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Andy Murray ousted at U.S. Open, worries about rules

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NEW YORK — Andy Murray‘s return to the U.S. Open was brief. His briefest Grand Slam singles stay in 10 years.

The three-time major champion was ousted by No. 31 Fernando Verdasco of Spain 7-5, 2-6, 6-4, 6-4 in the sweltering second round on Wednesday.

It’s his earliest Grand Slam singles exit since the 2008 Australian Open.

Murray, who won his first Slam at the 2012 U.S. Open, was playing his first major since 2017 Wimbledon.

Murray cut short his 2017 season and missed the first three Slams of 2018 due to a hip injury that required winter hip surgery.

“I think some of the tennis I played today was some of the best I’ve played since I had the surgery or since I came back,” Murray said. “But there were also periods in the match, especially in the first set, where, you know, I really didn’t play particularly well.”

Murray, the 2012 and 2016 Olympic gold medalist, came to New York ranked No. 382 due to the absence, having played just seven ATP matches in the last year.

“The last 10 years or so I’ve been coming and trying to prepare to win the event, whereas I don’t feel like that’s realistic for me this year,” Murray said before the tournament.

“There’s for sure doubts about [returning to the top],” he said Wednesday. “I mean, when I got the injury, I was ranked No. 1 in the world. Twelve months later, you know, things completely changed.”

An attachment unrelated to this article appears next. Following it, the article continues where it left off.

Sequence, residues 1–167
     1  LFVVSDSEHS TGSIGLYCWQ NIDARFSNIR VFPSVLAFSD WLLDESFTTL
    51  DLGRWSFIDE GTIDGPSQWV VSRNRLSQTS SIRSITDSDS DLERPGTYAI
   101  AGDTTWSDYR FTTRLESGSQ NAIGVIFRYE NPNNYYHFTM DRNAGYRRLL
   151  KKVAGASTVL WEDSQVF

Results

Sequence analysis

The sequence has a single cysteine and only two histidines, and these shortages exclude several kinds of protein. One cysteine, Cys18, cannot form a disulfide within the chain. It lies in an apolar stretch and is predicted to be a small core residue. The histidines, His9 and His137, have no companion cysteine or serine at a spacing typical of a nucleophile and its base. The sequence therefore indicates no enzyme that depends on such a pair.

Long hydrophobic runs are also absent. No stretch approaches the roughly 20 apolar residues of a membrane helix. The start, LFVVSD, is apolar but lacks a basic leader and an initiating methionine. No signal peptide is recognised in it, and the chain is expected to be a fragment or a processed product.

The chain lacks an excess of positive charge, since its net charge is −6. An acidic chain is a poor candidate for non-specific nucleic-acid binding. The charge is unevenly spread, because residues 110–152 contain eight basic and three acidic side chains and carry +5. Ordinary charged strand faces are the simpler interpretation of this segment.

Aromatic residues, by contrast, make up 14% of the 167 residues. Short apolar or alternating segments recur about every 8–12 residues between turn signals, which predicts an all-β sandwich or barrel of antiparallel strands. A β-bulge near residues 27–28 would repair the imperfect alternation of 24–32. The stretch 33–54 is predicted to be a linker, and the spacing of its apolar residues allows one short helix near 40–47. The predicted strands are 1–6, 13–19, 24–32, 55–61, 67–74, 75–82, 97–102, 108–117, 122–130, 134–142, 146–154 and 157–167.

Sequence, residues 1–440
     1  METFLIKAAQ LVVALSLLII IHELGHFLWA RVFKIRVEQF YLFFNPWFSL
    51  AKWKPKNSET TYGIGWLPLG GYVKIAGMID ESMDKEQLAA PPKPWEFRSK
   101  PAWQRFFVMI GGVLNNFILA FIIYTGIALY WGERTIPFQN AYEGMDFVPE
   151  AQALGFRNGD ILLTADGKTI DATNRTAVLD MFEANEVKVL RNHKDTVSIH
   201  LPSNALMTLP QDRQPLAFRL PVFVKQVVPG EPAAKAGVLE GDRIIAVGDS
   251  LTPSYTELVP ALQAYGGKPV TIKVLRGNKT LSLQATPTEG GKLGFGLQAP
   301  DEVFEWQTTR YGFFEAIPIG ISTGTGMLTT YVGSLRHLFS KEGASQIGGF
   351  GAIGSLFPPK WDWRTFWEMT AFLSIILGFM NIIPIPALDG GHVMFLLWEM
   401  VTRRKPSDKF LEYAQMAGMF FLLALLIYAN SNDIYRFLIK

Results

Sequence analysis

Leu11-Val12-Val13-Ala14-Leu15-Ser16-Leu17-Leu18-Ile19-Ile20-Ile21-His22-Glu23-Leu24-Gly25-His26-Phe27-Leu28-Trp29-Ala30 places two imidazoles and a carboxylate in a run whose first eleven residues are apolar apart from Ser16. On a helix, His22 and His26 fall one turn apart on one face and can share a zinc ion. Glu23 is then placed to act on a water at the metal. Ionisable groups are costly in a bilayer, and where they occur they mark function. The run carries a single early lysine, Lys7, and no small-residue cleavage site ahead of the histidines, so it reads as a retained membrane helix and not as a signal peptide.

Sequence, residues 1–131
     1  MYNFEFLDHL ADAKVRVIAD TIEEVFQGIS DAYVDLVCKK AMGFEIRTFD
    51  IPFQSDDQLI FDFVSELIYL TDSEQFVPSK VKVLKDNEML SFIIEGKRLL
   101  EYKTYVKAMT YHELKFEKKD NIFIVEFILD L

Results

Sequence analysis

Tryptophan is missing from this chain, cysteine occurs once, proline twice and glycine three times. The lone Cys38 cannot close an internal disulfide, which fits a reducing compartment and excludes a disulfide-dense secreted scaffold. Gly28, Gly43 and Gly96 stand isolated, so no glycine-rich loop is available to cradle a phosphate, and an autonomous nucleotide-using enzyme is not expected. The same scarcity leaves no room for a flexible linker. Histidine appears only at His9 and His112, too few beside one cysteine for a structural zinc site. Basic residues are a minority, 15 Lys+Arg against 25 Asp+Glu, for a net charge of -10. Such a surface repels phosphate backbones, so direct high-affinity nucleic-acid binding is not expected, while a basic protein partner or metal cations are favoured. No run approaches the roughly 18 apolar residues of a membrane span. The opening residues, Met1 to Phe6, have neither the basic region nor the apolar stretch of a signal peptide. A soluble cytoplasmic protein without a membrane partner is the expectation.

Verdasco, a 34-year-old whose deepest Grand Slam run was a 2009 Australian Open semifinal, gets No. 3 Juan Martin del Potro in the third round.

Murray complained that Verdasco might have flouted the rules during their 10-minute heat break.

Murray also said that the tournament did not do a good enough job of making clear exactly what is allowed and what isn’t during the time away from the court. The U.S. Tennis Association decided on the fly to allow rest periods in men’s matches for the first time in U.S. Open history as the temperature soared past 95 degrees (33 Celsius) this week.

While the women’s rules already call for a break if the conditions are too extreme, there is no such provision for the men. But on Tuesday, the USTA offered men a chance to rest after the third set if they want, then applied that rule on Wednesday, too.

“I went for a shower. He was having an ice bath,” Murray said about Verdasco. “When I came out of the shower … one of the Spanish doubles players was in there chatting to him, and you’re not allowed to speak to your coach. I went and told the supervisor. I said, ‘What are you guys doing? I mean, there’s clear rules here and you’re allowing this to take place. I don’t get it.’”

The USTA said players were not allowed to consult coaches during the heat breaks.

Verdasco said that’s not what he was doing. He said he was chatting with another player and that player’s coach.